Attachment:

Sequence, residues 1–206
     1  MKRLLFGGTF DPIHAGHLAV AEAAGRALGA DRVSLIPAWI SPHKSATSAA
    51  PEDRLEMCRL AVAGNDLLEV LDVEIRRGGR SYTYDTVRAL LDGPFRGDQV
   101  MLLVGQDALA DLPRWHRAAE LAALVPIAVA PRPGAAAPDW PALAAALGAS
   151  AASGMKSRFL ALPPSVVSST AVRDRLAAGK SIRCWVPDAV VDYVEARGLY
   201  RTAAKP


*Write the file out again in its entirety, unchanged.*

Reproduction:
Sequence, residues 1–206
     1  MKRLLFGGTF DPIHAGHLAV AEAAGRALGA DRVSLIPAWI SPHKSATSAA
    51  PEDRLEMCRL AVAGNDLLEV LDVEIRRGGR SYTYDTVRAL LDGPFRGDQV
   101  MLLVGQDALA DLPRWHRAAE LAALVPIAVA PRPGAAAPDW PALAAALGAS
   151  AASGMKSRFL ALPPSVVSST AVRDRLAAGK SIRCWVPDAV VDYVEARGLY
   201  RTAAKP